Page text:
Study: few correctly cover coughs, sneezes

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Despite our best efforts to limit the spread of germs propelled into the air when we cough or sneeze, a new study from researchers in New Zealand suggests that many of us aren’t doing a great job. As the Associated Press reports, an observational study of people in public places in the New Zealand capital of Wellington suggests that roughly three quarters of people at least make an attempt to cover coughs and sneezes, but that, unfortunately most who do just launch the bacteria onto their hands — where they can spread it by touching surfaces and other people.

The research, which presented today at a conference on infectious diseases in Atlanta, was conducted last August in the middle of the swine flu outbreak and included nearly 400 public coughs and sneezes at a shopping mall, train station and hospital. At the time, there were several public health campaigns instructing people on the most effective way to cover coughs and sneezes to limit the spread of disease — by lifting your elbow up over your face (a gesture the AP notes some refer to as “the Dracula” because it resembles the vampire drawing up his cape). Yet, the study revealed that, even in the thick of the swine flu outbreak, only 1 in 77 did so.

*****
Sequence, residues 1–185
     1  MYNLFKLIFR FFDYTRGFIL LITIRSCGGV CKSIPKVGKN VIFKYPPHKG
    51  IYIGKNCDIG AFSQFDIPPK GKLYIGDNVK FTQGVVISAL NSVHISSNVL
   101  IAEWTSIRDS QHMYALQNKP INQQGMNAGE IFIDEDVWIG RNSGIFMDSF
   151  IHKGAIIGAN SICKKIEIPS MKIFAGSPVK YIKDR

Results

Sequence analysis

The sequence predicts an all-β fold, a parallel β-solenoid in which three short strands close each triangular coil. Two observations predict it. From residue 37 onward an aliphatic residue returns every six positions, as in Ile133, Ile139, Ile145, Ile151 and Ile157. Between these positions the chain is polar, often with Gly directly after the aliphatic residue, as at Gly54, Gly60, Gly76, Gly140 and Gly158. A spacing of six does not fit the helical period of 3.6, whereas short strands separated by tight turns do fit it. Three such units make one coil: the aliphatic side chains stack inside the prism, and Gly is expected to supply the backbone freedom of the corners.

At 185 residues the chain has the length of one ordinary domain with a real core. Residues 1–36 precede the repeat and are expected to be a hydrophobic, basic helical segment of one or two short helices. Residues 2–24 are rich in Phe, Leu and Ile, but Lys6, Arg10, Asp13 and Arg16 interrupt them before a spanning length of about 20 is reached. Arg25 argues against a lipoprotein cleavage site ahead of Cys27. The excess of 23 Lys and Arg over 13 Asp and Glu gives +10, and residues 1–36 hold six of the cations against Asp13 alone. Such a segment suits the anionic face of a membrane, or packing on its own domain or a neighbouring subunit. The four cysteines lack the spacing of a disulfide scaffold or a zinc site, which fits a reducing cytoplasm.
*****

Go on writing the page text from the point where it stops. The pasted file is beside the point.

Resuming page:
Instead, the majority (two thirds) of people who at least made an effort to cover up just launched the bacteria onto their hands. As study author Nick Wilson, an associate professor of public health at Otago University in Wellington, told the AP:

“When you cough into your hands, you cover your hand in virus… Then you touch doorknobs, furniture and other things. And other people touch those and get viruses that way.”

Yet, though researchers were disappointed to see so few people using the proper technique to limit the spread of disease, perhaps the most dismaying observation from the study was the collection of citizens who used public places as personal spittoons. Though they didn’t include it in the data set, researchers noted seeing several people spit on the floor — not only in the mall or train station, but at the hospital as well. The researchers’ reaction to the disgusting displays? “They were a bit grossed out,” Wilson told the AP.

Read the full AP story here.